The largest series of olfactory groove meningioma published to date

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Ninety-nine patients who underwent 113 craniotomies at the Institute of Neurosurgery, Università Cattolica del Sacro Cuore, Rome, Italy between 1984 and 2010 were entered this study. The relationship between surgical approach (bifrontal, fronto-orbito-basal, and pterional) and either tumor diameter, extent of tumor resection, complication rate, need of reoperation, and Karnofsky Performance Status (KPS) was analyzed. The impact of age (≤ 70 vs. > 70 years), sex, tumor diameter (< 6 vs. ≥ 6 cm), pre- and postoperative KPS (< 80 vs. ≥ 80), Simpson grade (I-II vs. III-IV), and World Health Organization (WHO) histologic grade (I vs. II-III) on survival was assessed. Kaplan-Meier survival curves were plotted and differences in survival between groups of patients were compared. A multivariate analysis adjusted for age, pre- and postoperative KPS, Simpson grade, tumor diameter, and WHO histologic grade also was performed.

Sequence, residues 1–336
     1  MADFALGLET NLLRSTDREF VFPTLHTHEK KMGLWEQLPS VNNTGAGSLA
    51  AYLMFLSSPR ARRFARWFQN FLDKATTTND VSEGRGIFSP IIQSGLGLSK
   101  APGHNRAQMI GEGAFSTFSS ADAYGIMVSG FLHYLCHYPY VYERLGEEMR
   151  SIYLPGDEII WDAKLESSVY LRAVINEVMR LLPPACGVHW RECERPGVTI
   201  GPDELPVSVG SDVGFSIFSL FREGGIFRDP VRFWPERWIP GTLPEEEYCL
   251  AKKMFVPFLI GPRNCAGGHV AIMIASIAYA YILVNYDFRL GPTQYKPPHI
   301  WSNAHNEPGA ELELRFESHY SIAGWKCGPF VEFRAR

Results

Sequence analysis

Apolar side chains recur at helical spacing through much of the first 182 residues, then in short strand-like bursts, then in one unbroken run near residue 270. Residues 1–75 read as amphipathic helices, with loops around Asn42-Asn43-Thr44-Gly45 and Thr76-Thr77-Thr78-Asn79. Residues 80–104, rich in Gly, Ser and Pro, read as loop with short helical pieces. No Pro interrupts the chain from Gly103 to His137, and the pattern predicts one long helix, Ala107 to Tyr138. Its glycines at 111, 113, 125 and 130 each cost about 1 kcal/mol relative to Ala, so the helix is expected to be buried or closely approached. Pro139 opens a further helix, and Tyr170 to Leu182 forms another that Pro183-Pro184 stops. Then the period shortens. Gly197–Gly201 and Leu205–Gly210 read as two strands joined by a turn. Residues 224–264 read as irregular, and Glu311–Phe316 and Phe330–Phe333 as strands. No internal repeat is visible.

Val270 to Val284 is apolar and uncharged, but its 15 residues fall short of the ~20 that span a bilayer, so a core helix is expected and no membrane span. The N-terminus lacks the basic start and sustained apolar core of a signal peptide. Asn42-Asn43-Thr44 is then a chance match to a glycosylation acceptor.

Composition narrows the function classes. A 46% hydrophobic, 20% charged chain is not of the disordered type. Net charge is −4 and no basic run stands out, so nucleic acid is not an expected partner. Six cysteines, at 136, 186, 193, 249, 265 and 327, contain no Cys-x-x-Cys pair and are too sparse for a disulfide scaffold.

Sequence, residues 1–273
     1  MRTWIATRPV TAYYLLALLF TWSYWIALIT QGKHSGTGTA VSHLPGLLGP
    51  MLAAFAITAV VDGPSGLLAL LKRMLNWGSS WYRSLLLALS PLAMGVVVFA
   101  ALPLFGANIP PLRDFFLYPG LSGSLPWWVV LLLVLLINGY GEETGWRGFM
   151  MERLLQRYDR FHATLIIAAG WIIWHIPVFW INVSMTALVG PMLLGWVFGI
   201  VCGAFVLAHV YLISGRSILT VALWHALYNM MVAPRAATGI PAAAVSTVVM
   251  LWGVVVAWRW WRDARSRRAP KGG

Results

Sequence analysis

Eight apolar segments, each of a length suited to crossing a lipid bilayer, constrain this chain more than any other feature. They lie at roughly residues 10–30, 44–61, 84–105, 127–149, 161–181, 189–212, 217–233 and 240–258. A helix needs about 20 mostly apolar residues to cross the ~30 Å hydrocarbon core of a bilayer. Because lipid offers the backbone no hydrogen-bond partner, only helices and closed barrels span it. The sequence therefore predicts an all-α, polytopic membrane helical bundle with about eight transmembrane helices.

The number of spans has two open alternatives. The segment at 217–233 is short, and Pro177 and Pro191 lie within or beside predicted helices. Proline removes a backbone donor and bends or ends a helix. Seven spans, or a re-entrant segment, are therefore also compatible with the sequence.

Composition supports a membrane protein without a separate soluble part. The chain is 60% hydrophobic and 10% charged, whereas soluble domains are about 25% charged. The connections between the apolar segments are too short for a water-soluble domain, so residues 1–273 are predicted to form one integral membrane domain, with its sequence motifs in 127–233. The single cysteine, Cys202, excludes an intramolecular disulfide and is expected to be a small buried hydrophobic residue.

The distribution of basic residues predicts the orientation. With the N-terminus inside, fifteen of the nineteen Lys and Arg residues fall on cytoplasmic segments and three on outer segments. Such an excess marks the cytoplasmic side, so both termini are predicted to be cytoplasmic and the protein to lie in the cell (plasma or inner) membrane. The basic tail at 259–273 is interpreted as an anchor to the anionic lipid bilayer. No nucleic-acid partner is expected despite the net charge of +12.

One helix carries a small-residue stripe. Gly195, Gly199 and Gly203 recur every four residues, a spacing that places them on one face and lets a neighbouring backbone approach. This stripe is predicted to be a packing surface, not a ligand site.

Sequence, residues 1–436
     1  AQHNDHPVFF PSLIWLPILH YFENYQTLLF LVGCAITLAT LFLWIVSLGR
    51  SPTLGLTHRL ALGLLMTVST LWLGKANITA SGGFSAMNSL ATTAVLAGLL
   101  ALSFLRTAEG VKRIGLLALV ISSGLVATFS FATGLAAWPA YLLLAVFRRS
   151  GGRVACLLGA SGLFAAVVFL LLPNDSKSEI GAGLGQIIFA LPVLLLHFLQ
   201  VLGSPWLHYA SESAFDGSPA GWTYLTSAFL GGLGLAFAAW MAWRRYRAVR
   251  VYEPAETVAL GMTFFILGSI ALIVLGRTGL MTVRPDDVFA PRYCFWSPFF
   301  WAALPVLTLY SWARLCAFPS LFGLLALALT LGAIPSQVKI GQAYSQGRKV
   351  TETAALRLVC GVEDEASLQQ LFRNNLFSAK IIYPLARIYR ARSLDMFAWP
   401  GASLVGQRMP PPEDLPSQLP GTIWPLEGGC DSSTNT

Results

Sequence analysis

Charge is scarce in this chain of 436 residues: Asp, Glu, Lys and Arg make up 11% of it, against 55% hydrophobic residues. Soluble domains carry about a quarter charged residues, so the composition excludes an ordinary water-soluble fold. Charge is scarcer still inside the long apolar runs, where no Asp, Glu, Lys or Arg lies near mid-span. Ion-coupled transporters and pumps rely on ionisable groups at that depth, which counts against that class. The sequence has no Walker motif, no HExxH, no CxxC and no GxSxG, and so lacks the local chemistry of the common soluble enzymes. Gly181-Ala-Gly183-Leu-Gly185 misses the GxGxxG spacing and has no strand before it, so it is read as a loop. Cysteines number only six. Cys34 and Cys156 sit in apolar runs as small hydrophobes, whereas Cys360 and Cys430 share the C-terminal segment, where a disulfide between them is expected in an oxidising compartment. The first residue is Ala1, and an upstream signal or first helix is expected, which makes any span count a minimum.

The fronto-orbito-basal approach (n = 22) allowed a significantly greater percentage of Simpson I-II removals than the bifrontal (n = 70) and pterional approach (n = 21) (P = 0.0354 and P = 0.0485, respectively). The risk of life-threatening complications trended to be lower in patients operated upon either via the fronto-orbito-basal and via the pterional approach than in those treated via the bifrontal approach. Retraction-related brain swelling did not occur in any case after the fronto-orbito-basal approach (P = 0.0384); however, this approach was associated with a greater rate of cerebrospinal fluid leak (P = 0.0011). Among prognostic factors, age ≤ 70 years (P = 0.0044), tumor diameter <6 cm (P = 0.0455), pre- and postoperative KPS ≥ 80 (both P < 0.0001), Simpson grade I-II (P = 0.0096), and WHO histologic grade I (P = 0.0112) were significantly associated with longer overall survival. Age (P = 0.0393) and WHO histologic grade (P = 0.0418) emerged as independent prognostic factors for overall survival on multivariate analysis.

In the largest series of OGMs published to date, the bifrontal approach was associated with a greater risk of life-threatening complications compared with the lateral pterional and fronto-orbito-basal approaches. The fronto-orbito-basal approach provided greater chances of total tumor removal than the bifrontal and pterional approaches. Two independent factors for overall survival of patients with OGM were identified, namely age and WHO grade

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